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In SQL Server, if you're comparing the statistics IO from two queries, how do you ensure that caching doesn't become a factor?

For example (I'm making this up as I type, not a real example):

SELECT Type,
    NAME
FROM TableA a
LEFT OUTER JOIN TableB b ON a.id = b.id
WHERE b.id IS NULL ;

SELECT Type,
    NAME
FROM TableA a 
WHERE NOT EXISTS (
        SELECT 1
        FROM tableb
        WHERE id = a.id
        ) ;

What I do now: I run it that way, get a new connection (new SID) and run it like this (in reverse order):

SELECT Type,
    NAME
FROM TableA a 
WHERE NOT EXISTS (
        SELECT 1
        FROM tableb
        WHERE id = a.id
        ) ;

SELECT Type,
    NAME
FROM TableA a
LEFT OUTER JOIN TableB b ON a.id = b.id
WHERE b.id IS NULL ;

Is there a better way?

After the fact additional information

This is assuming that you're not a sysadmin.

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2 Answers 2

You'll need to clear the query cache between queries. See:

http://stackoverflow.com/questions/1873025/how-can-i-clear-the-sql-server-query-cache

for a previous answer on this.

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Thanks, I've changed the question such to describe that the account does not have sysadmin –  Dan Andrews Jan 31 at 14:46

Is it realistic to assume that the data in tableA and tableB will never be in cache? What percentage of queries run on the system will be run when all of the data has to be pulled from disk?

There are two trains of thought on testing queries and comparing them:

  1. run them both with a cold cache (where you clear cache / buffers etc. before every single query)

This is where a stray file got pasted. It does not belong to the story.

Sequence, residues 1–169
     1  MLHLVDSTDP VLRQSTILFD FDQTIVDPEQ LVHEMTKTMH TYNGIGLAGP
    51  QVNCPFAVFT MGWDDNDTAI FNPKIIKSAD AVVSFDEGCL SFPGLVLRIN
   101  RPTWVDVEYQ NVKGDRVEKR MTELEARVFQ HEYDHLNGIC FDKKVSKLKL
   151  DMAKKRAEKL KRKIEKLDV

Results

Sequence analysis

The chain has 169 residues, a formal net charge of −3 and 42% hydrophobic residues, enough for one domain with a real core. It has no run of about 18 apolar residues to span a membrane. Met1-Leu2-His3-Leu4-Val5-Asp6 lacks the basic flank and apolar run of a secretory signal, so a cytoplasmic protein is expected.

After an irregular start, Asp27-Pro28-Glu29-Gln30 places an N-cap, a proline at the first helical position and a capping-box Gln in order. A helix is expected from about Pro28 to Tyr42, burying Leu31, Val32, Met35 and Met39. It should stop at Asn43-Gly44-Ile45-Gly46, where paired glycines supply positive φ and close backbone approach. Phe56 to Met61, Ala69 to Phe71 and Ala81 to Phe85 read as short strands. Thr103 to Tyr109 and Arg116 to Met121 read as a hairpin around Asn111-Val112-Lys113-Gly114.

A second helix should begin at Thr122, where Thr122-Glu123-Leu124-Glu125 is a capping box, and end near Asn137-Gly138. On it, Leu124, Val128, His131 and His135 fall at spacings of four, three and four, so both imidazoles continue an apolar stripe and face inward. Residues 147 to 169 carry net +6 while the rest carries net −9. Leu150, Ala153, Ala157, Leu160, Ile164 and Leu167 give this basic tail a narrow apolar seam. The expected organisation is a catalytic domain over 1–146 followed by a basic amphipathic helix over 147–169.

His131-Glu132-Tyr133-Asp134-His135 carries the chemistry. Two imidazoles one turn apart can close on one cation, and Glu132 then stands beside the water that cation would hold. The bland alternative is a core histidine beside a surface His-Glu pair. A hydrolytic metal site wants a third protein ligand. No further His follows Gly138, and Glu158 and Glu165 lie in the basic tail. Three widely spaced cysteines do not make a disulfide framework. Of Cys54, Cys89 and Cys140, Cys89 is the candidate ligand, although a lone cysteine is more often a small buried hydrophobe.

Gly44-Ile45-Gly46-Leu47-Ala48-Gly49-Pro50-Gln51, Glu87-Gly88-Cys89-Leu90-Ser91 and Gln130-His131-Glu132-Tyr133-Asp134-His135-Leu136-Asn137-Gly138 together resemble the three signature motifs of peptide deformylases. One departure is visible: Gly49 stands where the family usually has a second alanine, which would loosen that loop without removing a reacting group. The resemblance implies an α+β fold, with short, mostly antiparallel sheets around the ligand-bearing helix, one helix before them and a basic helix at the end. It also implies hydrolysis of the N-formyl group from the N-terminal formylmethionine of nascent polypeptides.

2. run them both with a warm cache (where you first prime the cache by running the queries multiple times before bothering to start comparing metrics)

Since ideally in real-world scenarios you will be dealing with 2. most of the time, it seems relatively futile to spend too much effort on 1. Unless you are in a case where the production environment is really low on memory, in which case I would rather spend money on more memory than the labor costs of trying to compare and tune queries that are always going to be dependent on physical I/O. I would think that realistic testing of 2. is more useful than 1., again in most cases.

If you really want to do this, I suppose you could forcefully fill up the buffer with data from other tables, supplanting the data from these two. Though I would be really concerned about tinkering this way too much with a system where you don't have sysadmin privileges (it's probably for exactly this reason, or at least one of the reasons).

The other suggestion would be: take a backup of the database, and restore it to a system where you are sysadmin. This may be dealing with different I/O subsystems, but aside from the differences in pure I/O performance, the relative differences between the queries should still be useful to compare when you can free the cache and the buffers freely.

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Yes, this is the train of thought. I've always beat myself up over #1 but your addition and rational behind #2 is a good point. The developers do not have sysadmin, it's kind of hard for them to honestly check these things. –  Dan Andrews Jan 31 at 15:07

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